I think that what made this situation unique was that I was working and living and just doing all the things one normally does for survival, the same things I would be doing in America. So I went about my daily as I would, routine doesn’t changed just because you are somewhere else. Yeah, sure, in the back of your mind realize the food is weird and the people are speaking gibberish but you go on with the routine.

My friend Brett works with college students, often helping to prepare them to go overseas. Brett often talks about the concept of the China day, the China Day in Brett’s view is day the day where everything goes wrong. And it’s true, things do go off the rails so often when your living in China, that when everything goes right you find yourself waiting for the other shoe to drop.

For me, the China day came to mean a day where everything went right and I fully alive in the realization of where I was and the fact that somehow against all odds I was living my dream even now nearly five years after leaving Changsha, and after living in Beijing, I still find it hard to believe.

The China day could look like nothing more than just strolling down an ancient alleyway or eating fresh steamed baozi from a street vendor. It really wasn’t about what you did so much as throwing yourself into the experience and being fully consumed by the act of being in China.

Going to China was the hardest and the easiest thing I’ve done. Most people thought I was crazy for leaving, for not buckling down and finding a wife, chaining myself to a desk, having kids and getting buried under a mortgage (not that the normal life is bad, to contrary I want to be normal, it doesn’t seem to be in the cards). I going to China I learned the truth in Robert Frost’s words “Two roads diverged in wood, and I – I took the one less traveled by – and that has made all the difference.”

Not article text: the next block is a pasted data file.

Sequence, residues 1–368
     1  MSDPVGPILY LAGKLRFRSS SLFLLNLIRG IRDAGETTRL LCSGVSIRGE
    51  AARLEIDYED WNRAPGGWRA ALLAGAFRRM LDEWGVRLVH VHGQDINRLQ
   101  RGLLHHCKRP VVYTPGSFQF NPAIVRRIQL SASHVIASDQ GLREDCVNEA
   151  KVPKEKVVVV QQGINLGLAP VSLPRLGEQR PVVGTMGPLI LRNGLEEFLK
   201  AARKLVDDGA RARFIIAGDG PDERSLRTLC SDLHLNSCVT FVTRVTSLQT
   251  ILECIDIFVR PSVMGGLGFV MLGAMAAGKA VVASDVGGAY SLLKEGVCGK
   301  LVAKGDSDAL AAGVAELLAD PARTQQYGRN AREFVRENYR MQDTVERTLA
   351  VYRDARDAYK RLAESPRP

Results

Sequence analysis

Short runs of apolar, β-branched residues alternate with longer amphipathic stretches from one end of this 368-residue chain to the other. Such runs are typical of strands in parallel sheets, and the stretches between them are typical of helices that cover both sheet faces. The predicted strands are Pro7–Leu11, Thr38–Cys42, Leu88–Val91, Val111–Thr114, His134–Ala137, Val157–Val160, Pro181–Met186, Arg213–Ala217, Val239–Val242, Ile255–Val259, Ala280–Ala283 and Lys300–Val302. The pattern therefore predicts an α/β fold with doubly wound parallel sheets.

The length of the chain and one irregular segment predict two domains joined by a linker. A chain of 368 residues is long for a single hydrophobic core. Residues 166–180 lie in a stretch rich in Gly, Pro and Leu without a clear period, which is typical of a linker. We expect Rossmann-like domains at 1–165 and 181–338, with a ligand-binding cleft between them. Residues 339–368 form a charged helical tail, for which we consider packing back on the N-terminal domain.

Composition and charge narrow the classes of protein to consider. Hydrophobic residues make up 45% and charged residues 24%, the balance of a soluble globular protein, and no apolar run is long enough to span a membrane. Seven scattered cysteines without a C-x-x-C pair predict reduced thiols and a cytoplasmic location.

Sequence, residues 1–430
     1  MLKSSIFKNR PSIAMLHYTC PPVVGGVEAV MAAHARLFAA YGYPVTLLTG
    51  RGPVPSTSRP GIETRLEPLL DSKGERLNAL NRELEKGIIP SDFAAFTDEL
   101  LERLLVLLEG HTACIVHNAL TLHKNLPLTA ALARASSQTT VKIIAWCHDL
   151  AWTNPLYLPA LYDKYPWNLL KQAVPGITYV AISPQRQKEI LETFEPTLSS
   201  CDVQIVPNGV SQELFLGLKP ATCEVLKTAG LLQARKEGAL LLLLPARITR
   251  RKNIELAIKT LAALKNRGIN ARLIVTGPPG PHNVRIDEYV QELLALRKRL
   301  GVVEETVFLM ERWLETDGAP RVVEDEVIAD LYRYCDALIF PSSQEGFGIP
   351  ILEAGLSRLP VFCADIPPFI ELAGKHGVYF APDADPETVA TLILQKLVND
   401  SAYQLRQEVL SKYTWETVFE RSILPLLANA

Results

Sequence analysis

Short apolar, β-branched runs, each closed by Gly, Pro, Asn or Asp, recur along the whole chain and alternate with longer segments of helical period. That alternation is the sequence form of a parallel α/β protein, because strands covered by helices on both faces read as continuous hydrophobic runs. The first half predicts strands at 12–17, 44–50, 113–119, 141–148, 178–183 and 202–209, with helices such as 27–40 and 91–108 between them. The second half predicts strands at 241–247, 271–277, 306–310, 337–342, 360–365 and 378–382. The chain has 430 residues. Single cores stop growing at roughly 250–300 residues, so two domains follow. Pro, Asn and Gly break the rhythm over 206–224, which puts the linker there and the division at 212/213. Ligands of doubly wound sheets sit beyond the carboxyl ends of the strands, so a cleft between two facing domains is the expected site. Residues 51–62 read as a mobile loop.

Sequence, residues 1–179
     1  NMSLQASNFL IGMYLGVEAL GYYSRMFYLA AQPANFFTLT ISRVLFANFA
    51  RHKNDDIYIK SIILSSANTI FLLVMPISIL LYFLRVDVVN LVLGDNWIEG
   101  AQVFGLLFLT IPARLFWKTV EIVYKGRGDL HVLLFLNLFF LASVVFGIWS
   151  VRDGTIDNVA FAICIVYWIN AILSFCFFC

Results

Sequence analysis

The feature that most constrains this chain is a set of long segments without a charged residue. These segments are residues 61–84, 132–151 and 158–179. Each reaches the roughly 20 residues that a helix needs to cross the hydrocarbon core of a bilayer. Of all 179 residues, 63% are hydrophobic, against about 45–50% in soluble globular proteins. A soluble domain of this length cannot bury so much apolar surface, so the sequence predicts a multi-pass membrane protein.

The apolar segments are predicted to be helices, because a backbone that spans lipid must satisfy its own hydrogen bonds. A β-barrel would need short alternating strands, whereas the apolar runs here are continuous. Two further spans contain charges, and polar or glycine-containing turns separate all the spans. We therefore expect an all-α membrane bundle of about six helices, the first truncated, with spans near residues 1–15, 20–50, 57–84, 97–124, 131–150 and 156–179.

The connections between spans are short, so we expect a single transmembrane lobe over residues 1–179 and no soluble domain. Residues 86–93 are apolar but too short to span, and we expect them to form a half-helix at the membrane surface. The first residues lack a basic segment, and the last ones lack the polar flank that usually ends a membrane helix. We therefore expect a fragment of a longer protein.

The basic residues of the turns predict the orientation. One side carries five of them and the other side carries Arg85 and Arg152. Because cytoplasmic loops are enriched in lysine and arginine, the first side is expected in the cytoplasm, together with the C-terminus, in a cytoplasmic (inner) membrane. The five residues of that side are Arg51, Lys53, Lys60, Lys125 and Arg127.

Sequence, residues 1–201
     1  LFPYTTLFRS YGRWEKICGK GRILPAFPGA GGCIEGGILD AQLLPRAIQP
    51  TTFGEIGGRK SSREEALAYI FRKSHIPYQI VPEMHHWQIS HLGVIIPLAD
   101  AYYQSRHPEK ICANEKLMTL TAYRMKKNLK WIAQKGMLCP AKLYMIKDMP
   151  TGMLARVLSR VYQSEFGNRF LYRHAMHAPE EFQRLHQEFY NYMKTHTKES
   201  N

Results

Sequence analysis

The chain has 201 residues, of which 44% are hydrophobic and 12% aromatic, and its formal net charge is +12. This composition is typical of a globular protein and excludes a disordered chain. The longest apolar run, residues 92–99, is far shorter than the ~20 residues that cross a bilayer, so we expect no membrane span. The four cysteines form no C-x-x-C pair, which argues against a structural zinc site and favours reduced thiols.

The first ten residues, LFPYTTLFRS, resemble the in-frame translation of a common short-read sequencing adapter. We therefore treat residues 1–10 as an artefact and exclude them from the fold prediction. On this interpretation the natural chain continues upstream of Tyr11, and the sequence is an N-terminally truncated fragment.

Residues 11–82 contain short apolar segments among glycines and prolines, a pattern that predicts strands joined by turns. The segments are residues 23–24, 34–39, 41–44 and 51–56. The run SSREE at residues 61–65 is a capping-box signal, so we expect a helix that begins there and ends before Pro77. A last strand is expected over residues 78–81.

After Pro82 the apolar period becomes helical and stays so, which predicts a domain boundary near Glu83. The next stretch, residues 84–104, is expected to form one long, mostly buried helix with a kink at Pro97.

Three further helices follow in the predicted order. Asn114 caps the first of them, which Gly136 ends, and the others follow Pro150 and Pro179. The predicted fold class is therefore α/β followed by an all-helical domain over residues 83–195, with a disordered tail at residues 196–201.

The Hard Middle

“When you are in the middle of a story it isn’t a story at all, but only a confusion; a dark roaring, a blindness, a wreckage of shattered glass and splintered wood; like a house in a whirlwind, or else a boat crushed by the icebergs or swept over the rapids, and all aboard powerless to stop it. It’s only afterwards that it becomes anything like a story at all. When you are telling it, to yourself or to someone else.” —Margaret Atwood, Alias Grace

Stories are hard. That’s the thing they never tell you about life. We see story everywhere, and the abundance of them leads us to believe they should be easy. They’re not. They’re not easy to write, they’re not always easy to read, and they’re definitely not easy to live.

The beginning and the end can be easy, but the middle is usually hell on earth, at least in the stories that matter. Middles suck. All the build-up and excitement leads to work. And the work never seems to be done. I love What Donald Miller says about this in his book, A Million Miles in a Thousand Years:

“IT’S LIKE THIS when you live a story: The first part happens fast. You throw yourself into the narrative, and you’re finally out in the water; the shore is pushing off behind you and the trees are getting smaller. The distant shore doesn’t seem so far, and you can feel the resolution coming, the feeling of getting out of your boat and walking the distant beach. You think the thing is going to happen fast, that you’ll paddle for a bit and arrive on the other side by lunch. But the truth is, it isn’t going to be over soon.

The reward you get from a story is always less than you thought it would be, and the work is harder than you imagined. The point of a story is never about the ending, remember. It’s about your character getting molded in the hard work of the middle. At some point the shore behind you stops getting smaller, and you paddle and wonder why the same strokes that used to move you now only rock the boat. You got the wife, but you don’t know if you like her anymore and you’ve only been married five years. You want to wake up and walk into the living room in your underwear and watch football and let your daughters play with the dog because the far shore doesn’t get closer no matter how hard you paddle.